Well, if you don’ know the quote from O Brother, Where art thou? it is worth a listen for it speaks to what exactly we’re doing over at ELS Blogs -this project ain’t no one off -this is the whole kit and kaboodle in one simply complex install!
We are getting ready to build a more extensive version for UMW that touches many departments throughout the campus that will most likely be starting with a number of the Freshman Seminars set during the Fall and Spring semesters, though it could quickly be opened up for a broader audience if the possibilities arise -which they very well may. That being said, I have been taking the last couple of weeks to experiment more extensively with WordPress Multi-User, something I enjoy tremendously, and I have to say that there are a lot of cool new options, plugins and theme packs (see this post for more on themes) that I will be blogging about in the near future. But right now I want to focus in particular on the aggregating possibilities that are beginning to emerge in WPMu.
WP-Autoblog has been around for single-installations of WordPress for a while now, and does a nice job of aggreagating content into blog posts from various feeds around the web, much like WP-o-Matic -which I talk about here. I like WP-o-Matic a lot because it uses SimplePie parsing that does an excellent job with images and other objects, while being relatively feed agnostic -unfortunately it is not compatible with WPMu just yet. However, WP-Autoblog has been made to play nice with WPMu (get the plugin here), and it is a really dead simple interface that allows for an easy cut and paste approach to including feeds. So, I got to thinking a couple of things:
- What about taking all the feeds from elsblogs and putting them into a WP-Autoblog blog -you can see an example of this up and running here- a site wide aggregator in the guise of a K2 themed blog that is capturing all the content from around the environment -most recent on top! Simple to do, and yet another way to capture and re-present all the rich content that is coming in over the wires, or is it tubes
- Ok, so now we have this plugin that pretty much anyone with a blog on ELS Blogs can use to create an aggregator of feeds within a blog (themed to their liking of course). Hmmm, so does this mean that professors and their ilk can create their own aggregator blog by asking students to record their blog’s rss feeds in a wiki, google docs, spreadsheet, or what have you? It is a quick and easy way to locate content in one specific blog that may give folks who come across a blog like this an interesting and different visualization of a group of posts in relationship to one another within the context of a “class blog” which is quite distinct from the logic that will emerge on an individual student blog (equally valuable yet very different). We did this already here, but it wasn’t something anyone in the environment could do by simply activating a plug-in and copying and pasting feeds. And while I like that aggregation space and plan on re-using it (powered by BDPRSS and Optimal pugins), the whole idea in my mind is to multiply the ways through which students can see all this content in various contexts and map relationships between and amongst these various pieces along the way.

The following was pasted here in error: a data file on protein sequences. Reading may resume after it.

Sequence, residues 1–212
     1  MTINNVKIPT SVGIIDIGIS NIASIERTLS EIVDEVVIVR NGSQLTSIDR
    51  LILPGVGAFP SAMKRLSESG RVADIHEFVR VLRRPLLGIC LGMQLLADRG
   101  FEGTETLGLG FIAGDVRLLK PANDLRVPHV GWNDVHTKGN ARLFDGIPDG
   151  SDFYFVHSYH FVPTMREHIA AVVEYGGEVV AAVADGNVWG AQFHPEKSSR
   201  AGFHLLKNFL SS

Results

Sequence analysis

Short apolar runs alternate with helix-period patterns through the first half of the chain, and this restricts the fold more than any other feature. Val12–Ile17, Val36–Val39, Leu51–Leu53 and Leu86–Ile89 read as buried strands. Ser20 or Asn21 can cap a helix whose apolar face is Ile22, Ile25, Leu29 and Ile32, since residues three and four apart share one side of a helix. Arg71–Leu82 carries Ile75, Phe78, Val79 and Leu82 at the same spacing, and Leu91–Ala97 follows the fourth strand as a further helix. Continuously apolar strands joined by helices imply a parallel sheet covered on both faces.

- Last, and by no means least, the best way at cross-pollinating content (posts) within a specific class as well as throughout the entire ELS Blogs environment might be to create these little blog aggregators (and anyone on the system has access to this plugin -a splog nightmare if you aren’t careful) and can create a blog aggregator of sites they are reading and content they are interested in, or even the blogs from different classes or students they have yet to meet around the environment. The genius here is that content becomes re-purposed and propagated throughout an environment (sometimes redundantly) with the idea that you offer many different potential moments for serendipity by republishing content in various spaces throughout this distributed collection of blogs.
I’m pretty excited about this because I think it offers a quick, easy and informal way for users, profs and students alike, to create spontaneous collections of the feeds, sites, and resources that they are using which will in turn be populating blogs throughout the community that could give way to a certain amount of content chaos that may ultimately result in a new way of avoiding the “one-at-a-timin” [Aggregator and single WordPress installs] in order to work towards “mass communicatin” [throughout campus] the web for one another on a more regular basis within a specific environment.
Original post by jimgroom